Paul Basham Associates were approached by the Greater Brighton Metropolitan College (the MET) to support a hybrid application of 135 residential flats and a three-storey extension to the existing Pelham Campus at Pelham Street, Brighton.
The proposed development site was split across the existing Pelham Campus with the residential scheme located on the eastern side of Pelham Street and the buildings to the west of Pelham Street extended to provide an improved facility for the existing college.
Paul Basham Associates took this scheme on from pre-application liaising closely with Brighton & Hove City Council to submit a planning application which encompassed both the residential and education proposals. The extension of the college on the west of Pelham Street involved the closure of the existing college car park and as a result the development sought to capitalise on the opportunity to promote sustainable transport modes whilst ensuring that any car parking demand associated with the development could be met through the existing capacity at public car parks in the vicinity of the site.
Involved from the outset, and working closely with ECE, we were able to provide input into the initial design and inform the masterplan for both the residential and education elements of the scheme. Negotiations with the local council were ongoing throughout the pre-application stage to agree a suitable methodology to assess the highway impact of the proposals.
One of the most important considerations within our work was the impact of the increased pedestrian activity in the vicinity of the site as well as the impact of vehicles travelling to alternative destinations on the local road network following the closure of the college car park.
Existing pedestrian movements were recorded from the college using survey information and were subsequently redistributed onto the network to represent a scenario bringing forward new pedestrian access points on Whitecross Street, Redcross Street, Cheapside, Pelham Street and Trafalgar Court. The pedestrian network was then modelled using the TfL methodology to assess the capacity on the surrounding footways taking into account obstructions such as street furniture and lampposts.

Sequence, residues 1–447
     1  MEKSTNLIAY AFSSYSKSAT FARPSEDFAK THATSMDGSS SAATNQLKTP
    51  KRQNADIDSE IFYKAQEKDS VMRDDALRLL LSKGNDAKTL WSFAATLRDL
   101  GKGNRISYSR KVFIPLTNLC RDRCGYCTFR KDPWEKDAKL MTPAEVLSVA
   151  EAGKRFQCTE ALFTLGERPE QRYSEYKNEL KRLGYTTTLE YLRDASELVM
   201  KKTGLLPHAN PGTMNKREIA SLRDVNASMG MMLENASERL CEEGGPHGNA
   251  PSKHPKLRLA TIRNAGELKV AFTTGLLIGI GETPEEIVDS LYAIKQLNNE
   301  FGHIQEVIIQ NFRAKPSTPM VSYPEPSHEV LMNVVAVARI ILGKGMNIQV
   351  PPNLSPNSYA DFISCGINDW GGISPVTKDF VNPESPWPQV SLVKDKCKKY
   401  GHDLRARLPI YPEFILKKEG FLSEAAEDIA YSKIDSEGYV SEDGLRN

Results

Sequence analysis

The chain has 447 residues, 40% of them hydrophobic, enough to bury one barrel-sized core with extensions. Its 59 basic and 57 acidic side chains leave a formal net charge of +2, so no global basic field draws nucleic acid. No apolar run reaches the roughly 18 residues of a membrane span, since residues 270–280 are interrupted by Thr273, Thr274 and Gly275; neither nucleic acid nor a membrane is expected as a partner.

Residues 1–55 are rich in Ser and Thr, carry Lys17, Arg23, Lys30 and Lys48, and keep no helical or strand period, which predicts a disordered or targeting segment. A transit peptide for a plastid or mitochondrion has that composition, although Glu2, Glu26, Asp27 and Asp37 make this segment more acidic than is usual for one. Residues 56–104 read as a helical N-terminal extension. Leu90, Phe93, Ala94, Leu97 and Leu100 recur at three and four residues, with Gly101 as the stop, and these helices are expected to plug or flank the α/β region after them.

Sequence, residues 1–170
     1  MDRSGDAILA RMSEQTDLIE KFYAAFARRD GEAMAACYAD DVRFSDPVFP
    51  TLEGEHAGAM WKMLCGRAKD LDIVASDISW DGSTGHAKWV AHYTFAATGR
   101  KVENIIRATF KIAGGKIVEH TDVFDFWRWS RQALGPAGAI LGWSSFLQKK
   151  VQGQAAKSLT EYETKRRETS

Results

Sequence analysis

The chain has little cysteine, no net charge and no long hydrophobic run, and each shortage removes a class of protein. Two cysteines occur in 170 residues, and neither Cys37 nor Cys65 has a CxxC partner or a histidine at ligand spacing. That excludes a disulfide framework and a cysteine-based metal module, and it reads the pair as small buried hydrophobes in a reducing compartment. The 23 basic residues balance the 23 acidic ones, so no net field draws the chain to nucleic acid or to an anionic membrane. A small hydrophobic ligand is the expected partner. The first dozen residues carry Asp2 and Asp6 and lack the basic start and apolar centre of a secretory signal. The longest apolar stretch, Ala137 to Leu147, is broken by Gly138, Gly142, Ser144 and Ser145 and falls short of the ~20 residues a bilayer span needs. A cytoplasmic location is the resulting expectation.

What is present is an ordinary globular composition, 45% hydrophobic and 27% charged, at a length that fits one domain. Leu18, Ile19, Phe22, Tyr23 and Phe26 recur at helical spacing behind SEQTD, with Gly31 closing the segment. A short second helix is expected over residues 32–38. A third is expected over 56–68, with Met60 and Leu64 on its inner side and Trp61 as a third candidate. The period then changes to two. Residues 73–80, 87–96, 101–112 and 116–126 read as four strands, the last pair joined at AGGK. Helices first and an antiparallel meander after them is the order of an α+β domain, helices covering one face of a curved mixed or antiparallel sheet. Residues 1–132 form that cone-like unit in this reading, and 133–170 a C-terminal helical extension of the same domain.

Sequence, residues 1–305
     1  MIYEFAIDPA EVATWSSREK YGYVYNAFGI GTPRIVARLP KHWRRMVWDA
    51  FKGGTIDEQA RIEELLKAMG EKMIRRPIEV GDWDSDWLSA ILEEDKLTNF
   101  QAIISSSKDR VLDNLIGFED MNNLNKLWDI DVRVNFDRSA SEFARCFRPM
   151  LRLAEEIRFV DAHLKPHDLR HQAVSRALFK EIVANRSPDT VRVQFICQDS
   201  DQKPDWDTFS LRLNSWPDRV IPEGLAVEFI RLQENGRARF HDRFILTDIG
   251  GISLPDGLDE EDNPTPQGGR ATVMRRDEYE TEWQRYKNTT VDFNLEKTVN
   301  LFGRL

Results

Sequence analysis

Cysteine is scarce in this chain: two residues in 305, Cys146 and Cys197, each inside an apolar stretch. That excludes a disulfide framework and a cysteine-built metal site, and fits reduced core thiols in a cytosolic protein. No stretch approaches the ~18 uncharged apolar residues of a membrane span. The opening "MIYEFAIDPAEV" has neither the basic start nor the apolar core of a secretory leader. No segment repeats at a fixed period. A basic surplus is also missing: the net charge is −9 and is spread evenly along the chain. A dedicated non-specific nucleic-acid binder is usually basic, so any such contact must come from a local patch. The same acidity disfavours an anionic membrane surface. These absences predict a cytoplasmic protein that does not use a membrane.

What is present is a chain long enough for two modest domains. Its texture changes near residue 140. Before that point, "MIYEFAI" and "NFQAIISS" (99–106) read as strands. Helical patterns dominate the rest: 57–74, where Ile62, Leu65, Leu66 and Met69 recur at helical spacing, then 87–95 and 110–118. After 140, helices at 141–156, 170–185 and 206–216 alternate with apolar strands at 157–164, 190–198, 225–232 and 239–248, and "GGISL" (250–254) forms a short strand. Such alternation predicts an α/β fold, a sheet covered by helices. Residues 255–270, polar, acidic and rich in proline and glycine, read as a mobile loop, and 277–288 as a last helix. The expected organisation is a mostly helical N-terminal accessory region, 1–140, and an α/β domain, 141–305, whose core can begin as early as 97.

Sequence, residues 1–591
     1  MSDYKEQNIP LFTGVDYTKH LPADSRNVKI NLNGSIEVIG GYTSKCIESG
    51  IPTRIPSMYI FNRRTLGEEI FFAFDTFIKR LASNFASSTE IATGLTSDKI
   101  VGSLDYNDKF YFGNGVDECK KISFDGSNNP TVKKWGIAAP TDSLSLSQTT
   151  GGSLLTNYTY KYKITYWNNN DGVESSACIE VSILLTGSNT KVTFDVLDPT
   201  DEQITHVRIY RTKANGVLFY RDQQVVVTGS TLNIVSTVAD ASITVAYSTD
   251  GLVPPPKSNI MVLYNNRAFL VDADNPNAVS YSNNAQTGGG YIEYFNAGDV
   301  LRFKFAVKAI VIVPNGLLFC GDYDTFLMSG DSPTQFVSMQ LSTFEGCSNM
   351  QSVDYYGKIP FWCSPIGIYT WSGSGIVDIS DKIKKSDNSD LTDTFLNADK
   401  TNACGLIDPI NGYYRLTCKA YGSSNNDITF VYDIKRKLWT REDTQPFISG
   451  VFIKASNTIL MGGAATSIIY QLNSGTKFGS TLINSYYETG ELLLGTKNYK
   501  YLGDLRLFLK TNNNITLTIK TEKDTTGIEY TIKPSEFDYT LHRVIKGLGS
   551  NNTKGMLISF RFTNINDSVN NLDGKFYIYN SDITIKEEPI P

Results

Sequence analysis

The vehicular impact of the scheme was assessed taking into account the likely origin and alternative destinations of staff travelling to and from the college following the closure of the car park as well as vehicle trips from the residential site. Traffic surveys on the road network provided the existing flow of vehicles through key junctions which was then compared to the proposed development traffic distribution, factored up to a future year scenario, to provide a percentage impact of the development proposals. These junctions were subsequently modelled using a combination of software including JUNCTIONS and LinSig.
The findings of these assessments were included in submissions to Brighton & Hove City Council in the form of a Transport Assessment and Addendum Transport Assessment which also included details on refuse collection, the proposed access arrangements, and car and cycle parking provision.
A Travel Plan was also prepared by Paul Basham Associates which was submitted as part of the planning application highlighting the highly accessible nature of the site with excellent links to pedestrian and public transport infrastructure. The Travel Plan set out measures to take advantage of these characteristics and promote sustainable travel as part of the development proposals.
Following planning success, this great scheme will significantly improve the quality of education facilities within the centre of Brighton.